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Research has proven that yoga decrease inflammation, boost immune system function, and improves symptoms associated with chronic health conditions, such as type 2 diabetes, cardiovascular disease, and cancer. Yoga has also been proven to reducing depression, stress, and anxiety.  These amazing benefits largely have to do with how yoga affects our Central Nervous System.

The autonomic nervous system (ANS) is division of the peripheral nervous system that regulates ones unconscious actions and it is divided into two parts, the sympathetic nervous system and the parasympathetic nervous system.  Our systems are always operating at a mix of the two, not one or the other. The two systems complement each other and both are necessary for the healthy being.

The sympathetic nervous system is commonly known as the ‘fight or flight’ response.  Its purpose is to prime one for action when a threat is near. When operating mostly in this system, one’s eyes dilate to be able to see better, the heart increases the rate and force of contraction, blood rushes to the extremities and muscles, the body begins to sweat, and the internal systems of the body slow. This way the body can conserve the energy necessary to confront the immediate perceived threat. In addition, the breath quickens. 

The parasympathetic nervous system is the opposite and it is commonly referred to as ‘rest and digest’ or ‘feed and breed’.  When this system is mostly in control the blood moves internally so that the internal systems can function more efficiently. All of the systems, digestion, immune system, elimination system, and the fertility system, get a boost.  The heart rate decreases, the eyes constrict, and the salivary glands function more effectively to boost the digestion of food and indirectly allow for better absorption of nutrients. The body also heals in this state. The heart rate slows and the neurochemical acetylcholine is released.  Acetylcholine is the ‘key’ to relaxation. And, of course, the breath naturally slows.

It must be noted that neither one of these systems is good or bad in and of itself.  They each have an important role. In addition, it is a give and a take between the two.  The Sympathetic system could be seen as the accelerator and the parasympathetic system could be called the brake. Right now, in order for you to be focused and reading this blog post you have to be using the Sympathetic System to some degree.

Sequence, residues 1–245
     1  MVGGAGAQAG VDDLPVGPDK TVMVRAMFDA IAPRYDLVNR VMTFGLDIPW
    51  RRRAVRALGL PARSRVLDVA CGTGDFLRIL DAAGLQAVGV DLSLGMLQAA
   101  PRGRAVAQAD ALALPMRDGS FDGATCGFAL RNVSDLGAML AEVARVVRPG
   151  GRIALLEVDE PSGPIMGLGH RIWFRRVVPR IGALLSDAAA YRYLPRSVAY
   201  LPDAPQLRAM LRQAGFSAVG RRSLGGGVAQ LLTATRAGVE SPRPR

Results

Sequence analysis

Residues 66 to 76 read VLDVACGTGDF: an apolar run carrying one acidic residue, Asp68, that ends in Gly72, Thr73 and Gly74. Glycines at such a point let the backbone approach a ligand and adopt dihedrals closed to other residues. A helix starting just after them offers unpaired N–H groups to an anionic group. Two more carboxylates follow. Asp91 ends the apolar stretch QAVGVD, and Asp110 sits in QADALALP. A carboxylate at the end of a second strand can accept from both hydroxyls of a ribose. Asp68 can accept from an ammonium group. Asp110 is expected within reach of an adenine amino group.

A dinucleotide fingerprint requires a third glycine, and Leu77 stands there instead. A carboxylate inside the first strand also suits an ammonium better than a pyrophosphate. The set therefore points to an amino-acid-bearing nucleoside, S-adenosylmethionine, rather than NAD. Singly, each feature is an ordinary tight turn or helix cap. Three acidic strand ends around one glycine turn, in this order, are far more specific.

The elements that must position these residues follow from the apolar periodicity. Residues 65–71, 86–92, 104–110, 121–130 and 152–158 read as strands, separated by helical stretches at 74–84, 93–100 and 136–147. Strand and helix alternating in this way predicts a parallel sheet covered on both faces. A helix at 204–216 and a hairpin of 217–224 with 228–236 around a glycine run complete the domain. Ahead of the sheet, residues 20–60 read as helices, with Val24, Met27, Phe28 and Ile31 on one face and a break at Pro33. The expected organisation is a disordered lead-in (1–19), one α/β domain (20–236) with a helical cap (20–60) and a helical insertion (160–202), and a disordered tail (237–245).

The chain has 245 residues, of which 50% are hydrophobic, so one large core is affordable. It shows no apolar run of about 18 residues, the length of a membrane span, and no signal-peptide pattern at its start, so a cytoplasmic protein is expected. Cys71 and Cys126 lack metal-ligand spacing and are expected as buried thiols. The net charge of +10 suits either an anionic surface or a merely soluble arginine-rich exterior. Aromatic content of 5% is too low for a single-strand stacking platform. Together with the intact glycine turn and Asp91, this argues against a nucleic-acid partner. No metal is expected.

Studies have proven that in our modern society our bodies are operating more often in the stress response, the sympathetic nervous system.  This is partly because of our hectic and busy lifestyles. It has also been linked to all of the noise and lights of the cities, the fact that we are less connected with nature.  It addition, it has been proven that our bodies do not know that difference between threats that we observe with our senses and real life. Thus, even watching a scary scene on TV elicits the fight or flight within us.

It is not healthy to be in a perpetual state of stress. The body does not heal properly when in this state, the immune system is not as useful at fighting disease, we do not eliminate all of our toxins, and our digestion isn’t as productive.

Yoga helps us to release stress and tension.  As many instructors put it, yoga balances our autonomic nervous system (ANS), allowing us to move between the ‘accelerator and the brake’ in a healthy was.

In yoga we induce the relaxation response in several different ways including consciously relaxing muscles, taking full breaths, practicing breathing exercises, meditating, relaxing the tongue on the bottom of the mouth, and resting in Savasana.

The link between the breath and the ANS is a two way street. As yoga instructors or practitioners we can use this link to our advantage depending on our desired outcome.  When we slow the breath, the heart rate slows and our body ‘shifts’ into more of the parasympathetic system. Of course the converse is true as well. The Vagus Nerve (longest of the cranial nerves, extending from the brainstem to the abdomen) and some chemical neurotransmitters (brain chemicals that communicate information throughout our brain and body) account for these effects of breath patterns on heart rate and subsequently on shifting the balance between the sympathetic and parasympathetic parts of the ANS. 

Long story short, yoga has been proven to be good for your health for many reasons and the balancing of our autonomic nervous system positively impacts our mental and physical health.

So take a few deep yoga breaths now and enjoy the benefits!

See you on the mat soon ☺